A TELEVISION show doesn’t fulfil the pious code of clerics, and out come statements expressing sorrow at the death of the Quaid’s Pakistan.
One man claims he can run a car on water and consequently Pakistanis on the whole are condemned as inhabitants of the age of jahiliya. When an honourable judge seeks to reflect on the state of the nation, he chooses to lace his prose with reasons why Pakistanis should pity themselves.
This is where the debate is stuck on the 65th anniversary of Independence. The rest is tit-for-tat.
It is the Rohingyas who occupy the minds of Pakistanis right now. Brutal taunts have flown in the direction of those who are lumped together as liberals over their ‘failure’ to condemn violence against Muslims in Myanmar.
‘Drones cannot be written against. Taliban are the villains. The West is the role model, and your paymasters do not allow you to condemn the killing of persecuted Muslims…’ So goes the refrain of the ‘right-wingers’ or the ‘Islamists’.
These ‘conservatives’, when they are not rallying for the Rohingyas, must typically appear to be defending the petition against televised ‘vulgarity’.
They are the spokesmen who are forever asked to elaborate ‘Taliban Khan’s’ ideology and they could be occasionally forced to justify the battles the Supreme Court declares on the government — a government which has lost all legitimacy in the eyes of its detractors not simply because of its failure to deliver but because of its unpardonable sins.
Those who are happy to own the loose liberal title, have, in turn, retorted against their critics with passion.
‘If Rohingyas are so worthy of sympathy,’ the liberals ask their rival countrymen, ‘what stops you from standing up when Shias are killed in Pakistan? What stops you from condemning the murderous Taliban or from accepting Hindus as equal Pakistani citizens and persuading them to not cross over to India? Why can’t you speak out against the hypocrisy in the country, even when the religion you never tire of flaunting tells you to reject hypocrites of all types? Why isn’t the mullah’s decency pricked by the humiliation of women in the streets of Muzaffargarh?’
It is only after they have completed the ritual of lambasting their rivals that the liberals are able to do what they could have done promptly and without any prior qualifications: condemn the cleansing going on wherever.
With all its tones, undertones and nuances, the discussion about the Rohingyas is a simple example of the strong biases that have come to define the thinking of Pakistanis. The discourse has been held hostage by a long taunt and its long riposte. There is no framework for debate.
Worse, the effort for finding a framework is stalled — if mostly by faith, sometimes also by a passionate indifference to what is seen, more than a socially evolved expression, as an imposed ‘religious explanation’. What takes place here is mutual score-settling, not debate.
For a debate to take shape, the various Pakistans will first have to recognise each other as homegrown realities and shun their escapes in ridiculing the other.
For the moment, the sides remain immersed in the effort to paint the other as foreign to the Pakistani land. Just as liberals are condemned by their vocal rivals as a western implant ill-suited to the local soil, fundamentalism or religious militancy is routinely, and dangerously, dismissed as an outside invasion.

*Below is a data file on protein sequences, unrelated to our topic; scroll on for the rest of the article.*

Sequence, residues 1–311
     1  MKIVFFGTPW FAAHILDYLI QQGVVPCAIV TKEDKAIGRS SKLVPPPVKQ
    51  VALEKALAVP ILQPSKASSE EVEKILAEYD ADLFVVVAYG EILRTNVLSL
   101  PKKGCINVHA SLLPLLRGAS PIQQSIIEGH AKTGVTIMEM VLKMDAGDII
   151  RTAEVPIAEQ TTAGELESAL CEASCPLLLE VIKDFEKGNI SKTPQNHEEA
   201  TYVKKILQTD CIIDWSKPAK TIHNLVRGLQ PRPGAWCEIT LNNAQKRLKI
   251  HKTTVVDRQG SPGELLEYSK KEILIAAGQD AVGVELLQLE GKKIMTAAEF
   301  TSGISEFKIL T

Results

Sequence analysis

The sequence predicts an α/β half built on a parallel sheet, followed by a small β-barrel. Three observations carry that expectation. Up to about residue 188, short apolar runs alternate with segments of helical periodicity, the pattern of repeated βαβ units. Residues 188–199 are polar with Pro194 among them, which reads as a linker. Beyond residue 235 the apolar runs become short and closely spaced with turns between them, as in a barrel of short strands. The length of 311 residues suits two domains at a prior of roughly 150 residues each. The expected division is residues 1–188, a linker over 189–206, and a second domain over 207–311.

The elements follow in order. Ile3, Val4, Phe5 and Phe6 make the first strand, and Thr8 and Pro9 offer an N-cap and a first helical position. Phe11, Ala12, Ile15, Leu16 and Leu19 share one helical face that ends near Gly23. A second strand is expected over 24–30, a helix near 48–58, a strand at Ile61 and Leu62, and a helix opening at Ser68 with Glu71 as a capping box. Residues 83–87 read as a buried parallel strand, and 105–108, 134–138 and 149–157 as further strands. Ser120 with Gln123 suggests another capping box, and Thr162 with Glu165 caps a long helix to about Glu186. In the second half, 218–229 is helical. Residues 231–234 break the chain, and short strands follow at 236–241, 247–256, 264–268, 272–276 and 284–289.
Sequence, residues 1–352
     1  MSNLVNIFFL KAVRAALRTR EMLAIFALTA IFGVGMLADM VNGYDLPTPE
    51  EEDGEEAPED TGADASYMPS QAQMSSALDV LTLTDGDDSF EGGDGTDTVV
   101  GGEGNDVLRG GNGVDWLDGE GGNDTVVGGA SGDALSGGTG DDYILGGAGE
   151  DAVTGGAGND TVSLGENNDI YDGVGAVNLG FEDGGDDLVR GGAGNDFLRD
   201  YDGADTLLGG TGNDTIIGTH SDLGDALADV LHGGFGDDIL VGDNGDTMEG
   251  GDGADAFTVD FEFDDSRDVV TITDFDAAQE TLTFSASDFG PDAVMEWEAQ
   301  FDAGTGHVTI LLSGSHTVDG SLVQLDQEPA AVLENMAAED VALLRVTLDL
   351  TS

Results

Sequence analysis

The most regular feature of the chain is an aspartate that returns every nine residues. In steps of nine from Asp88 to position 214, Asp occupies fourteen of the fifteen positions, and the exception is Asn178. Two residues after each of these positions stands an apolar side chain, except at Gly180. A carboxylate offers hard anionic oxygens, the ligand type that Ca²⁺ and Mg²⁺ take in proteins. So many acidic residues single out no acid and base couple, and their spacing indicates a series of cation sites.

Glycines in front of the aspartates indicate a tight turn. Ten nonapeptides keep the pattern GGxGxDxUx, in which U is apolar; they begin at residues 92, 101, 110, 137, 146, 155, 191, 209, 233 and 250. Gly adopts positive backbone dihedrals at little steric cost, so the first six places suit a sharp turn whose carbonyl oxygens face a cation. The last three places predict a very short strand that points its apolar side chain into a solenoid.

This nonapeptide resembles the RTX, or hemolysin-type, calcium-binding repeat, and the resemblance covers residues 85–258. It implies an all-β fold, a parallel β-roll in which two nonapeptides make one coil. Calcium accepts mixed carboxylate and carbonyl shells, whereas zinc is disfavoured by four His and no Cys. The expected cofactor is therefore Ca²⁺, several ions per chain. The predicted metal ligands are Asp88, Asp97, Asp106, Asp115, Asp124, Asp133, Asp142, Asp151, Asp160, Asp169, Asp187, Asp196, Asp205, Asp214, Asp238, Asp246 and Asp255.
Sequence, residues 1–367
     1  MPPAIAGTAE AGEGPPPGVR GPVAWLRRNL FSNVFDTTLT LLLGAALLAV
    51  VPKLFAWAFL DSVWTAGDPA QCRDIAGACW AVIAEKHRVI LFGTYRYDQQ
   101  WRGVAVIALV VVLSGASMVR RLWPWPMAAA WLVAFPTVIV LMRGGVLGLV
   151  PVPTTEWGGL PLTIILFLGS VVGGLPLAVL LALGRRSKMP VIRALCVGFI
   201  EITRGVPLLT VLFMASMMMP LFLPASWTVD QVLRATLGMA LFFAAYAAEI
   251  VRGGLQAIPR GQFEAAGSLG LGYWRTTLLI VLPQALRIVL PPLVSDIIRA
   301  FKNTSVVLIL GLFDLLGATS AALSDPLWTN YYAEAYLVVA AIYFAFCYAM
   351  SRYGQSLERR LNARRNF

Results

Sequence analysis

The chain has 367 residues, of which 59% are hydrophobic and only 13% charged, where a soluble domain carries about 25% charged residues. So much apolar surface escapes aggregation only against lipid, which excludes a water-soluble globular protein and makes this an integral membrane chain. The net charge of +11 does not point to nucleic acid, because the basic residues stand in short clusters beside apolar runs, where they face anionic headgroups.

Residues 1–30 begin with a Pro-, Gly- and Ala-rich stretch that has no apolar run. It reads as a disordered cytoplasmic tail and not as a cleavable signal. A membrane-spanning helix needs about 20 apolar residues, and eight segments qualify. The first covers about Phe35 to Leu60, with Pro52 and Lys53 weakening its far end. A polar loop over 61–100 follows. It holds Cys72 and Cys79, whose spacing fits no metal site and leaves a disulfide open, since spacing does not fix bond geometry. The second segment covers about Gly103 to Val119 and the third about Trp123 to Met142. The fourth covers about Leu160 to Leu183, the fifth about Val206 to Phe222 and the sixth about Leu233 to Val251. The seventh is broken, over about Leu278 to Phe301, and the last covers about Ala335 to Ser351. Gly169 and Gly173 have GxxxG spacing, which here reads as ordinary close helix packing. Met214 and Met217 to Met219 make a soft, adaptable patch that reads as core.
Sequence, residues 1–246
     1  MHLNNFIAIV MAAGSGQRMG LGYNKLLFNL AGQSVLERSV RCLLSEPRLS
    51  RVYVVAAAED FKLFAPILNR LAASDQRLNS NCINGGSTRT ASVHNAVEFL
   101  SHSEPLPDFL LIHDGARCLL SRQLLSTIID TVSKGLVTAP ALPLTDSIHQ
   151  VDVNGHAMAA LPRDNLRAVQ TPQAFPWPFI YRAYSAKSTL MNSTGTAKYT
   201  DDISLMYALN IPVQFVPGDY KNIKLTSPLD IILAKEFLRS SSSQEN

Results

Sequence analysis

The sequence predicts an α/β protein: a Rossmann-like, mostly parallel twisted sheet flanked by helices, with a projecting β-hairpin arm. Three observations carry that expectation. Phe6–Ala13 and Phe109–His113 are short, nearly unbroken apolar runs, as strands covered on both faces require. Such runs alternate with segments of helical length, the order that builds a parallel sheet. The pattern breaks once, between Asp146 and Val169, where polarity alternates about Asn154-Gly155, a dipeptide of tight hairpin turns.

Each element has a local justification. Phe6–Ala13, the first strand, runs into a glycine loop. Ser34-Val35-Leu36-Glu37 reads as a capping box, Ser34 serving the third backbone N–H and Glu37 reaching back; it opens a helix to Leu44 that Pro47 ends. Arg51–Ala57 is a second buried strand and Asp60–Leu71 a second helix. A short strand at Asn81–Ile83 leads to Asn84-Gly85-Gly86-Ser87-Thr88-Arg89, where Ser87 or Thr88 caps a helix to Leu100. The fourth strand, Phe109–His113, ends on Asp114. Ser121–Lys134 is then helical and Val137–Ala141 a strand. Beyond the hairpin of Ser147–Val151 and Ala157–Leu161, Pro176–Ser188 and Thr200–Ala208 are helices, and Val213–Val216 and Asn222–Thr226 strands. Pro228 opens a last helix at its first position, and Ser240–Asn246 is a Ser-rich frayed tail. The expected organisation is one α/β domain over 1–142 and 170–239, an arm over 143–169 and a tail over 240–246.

It is as if fundamentalism — or westernisation for that matter — will disappear the moment the foreign connections are cut.
This will never happen since what may have once been foreign we have long adopted as our own. The foreign has taken deep roots locally. There is little use taking refuge in times when religious sects happily coexisted — if ever there were such times. There can be no going back to the pure indigenous model of life — if such a model was ever possible or it ever existed. The labels must be dropped and evolving Pakistani realities seen in all their ‘good’ and ‘bad’ colours in the interest of a dialogue that rises above mere name-calling.
Now this may sound preposterous to the followers of extreme labels. To some liberal friends, including the truly liberal and the more tolerant, it may be tantamount to bowing to the extremists — in the manner of the repeated surrenders against the Taliban and the deal with Fazlullah in Swat.
Far from it. It is about the interaction among people this side of militants and about the unbridled use of one formula, a typical response for all situations.
The issue is whether Pakistanis in general have the ability to come out of the convenient mode where all they are required to do is to typecast — by belief or by applying the logical formula.
They are free to go to their chosen forum but they must also be free from the compulsions of demonising or ridiculing everyone else and every other lifestyle. Never has a reminder about this basic rule been as needed as it is today.
The divergent schools do have one thing in common, though. When it comes to mourning the country that could have been, each one of us can be equally sweeping in our denouncement of the nation.
The mullah is offended by the naive inquiry because in his book, unlike that of Bulleh Shah, a person is either ‘Musa’ or ‘Firaun’.
The enlightened teacher is too frustrated by the circumstances to let the ‘water car’ pass with a gentle reminder about the existing laws of physics. He feels compelled to offer the final word on science. The anger in judgments passed on the nation has just the opposite effect: it demoralises.
Pity the people who can do no more than ridicule. Pity the nation that pities itself.
The writer is Dawn’s resident editor in Lahore.